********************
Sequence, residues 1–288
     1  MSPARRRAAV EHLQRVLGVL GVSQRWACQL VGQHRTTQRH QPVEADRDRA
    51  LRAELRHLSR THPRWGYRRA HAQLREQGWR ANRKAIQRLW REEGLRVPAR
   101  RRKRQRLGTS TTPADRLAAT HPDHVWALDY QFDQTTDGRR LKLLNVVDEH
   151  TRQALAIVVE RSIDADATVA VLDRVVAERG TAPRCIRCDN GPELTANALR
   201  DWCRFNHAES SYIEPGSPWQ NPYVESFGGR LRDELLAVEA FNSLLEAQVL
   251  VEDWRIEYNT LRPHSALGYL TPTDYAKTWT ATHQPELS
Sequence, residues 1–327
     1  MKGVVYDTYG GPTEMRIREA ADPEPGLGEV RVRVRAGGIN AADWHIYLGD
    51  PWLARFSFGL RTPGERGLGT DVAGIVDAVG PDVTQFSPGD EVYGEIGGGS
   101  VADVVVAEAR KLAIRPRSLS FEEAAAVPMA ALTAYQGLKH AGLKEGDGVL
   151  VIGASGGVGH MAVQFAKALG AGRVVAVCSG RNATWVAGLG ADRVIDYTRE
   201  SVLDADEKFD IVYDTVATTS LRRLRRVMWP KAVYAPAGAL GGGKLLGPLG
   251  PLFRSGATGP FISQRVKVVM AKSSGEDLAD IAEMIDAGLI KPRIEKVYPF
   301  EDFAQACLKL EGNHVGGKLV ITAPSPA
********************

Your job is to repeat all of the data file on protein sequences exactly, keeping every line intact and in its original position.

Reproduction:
Sequence, residues 1–288
     1  MSPARRRAAV EHLQRVLGVL GVSQRWACQL VGQHRTTQRH QPVEADRDRA
    51  LRAELRHLSR THPRWGYRRA HAQLREQGWR ANRKAIQRLW REEGLRVPAR
   101  RRKRQRLGTS TTPADRLAAT HPDHVWALDY QFDQTTDGRR LKLLNVVDEH
   151  TRQALAIVVE RSIDADATVA VLDRVVAERG TAPRCIRCDN GPELTANALR
   201  DWCRFNHAES SYIEPGSPWQ NPYVESFGGR LRDELLAVEA FNSLLEAQVL
   251  VEDWRIEYNT LRPHSALGYL TPTDYAKTWT ATHQPELS
Sequence, residues 1–327
     1  MKGVVYDTYG GPTEMRIREA ADPEPGLGEV RVRVRAGGIN AADWHIYLGD
    51  PWLARFSFGL RTPGERGLGT DVAGIVDAVG PDVTQFSPGD EVYGEIGGGS
   101  VADVVVAEAR KLAIRPRSLS FEEAAAVPMA ALTAYQGLKH AGLKEGDGVL
   151  VIGASGGVGH MAVQFAKALG AGRVVAVCSG RNATWVAGLG ADRVIDYTRE
   201  SVLDADEKFD IVYDTVATTS LRRLRRVMWP KAVYAPAGAL GGGKLLGPLG
   251  PLFRSGATGP FISQRVKVVM AKSSGEDLAD IAEMIDAGLI KPRIEKVYPF
   301  EDFAQACLKL EGNHVGGKLV ITAPSPA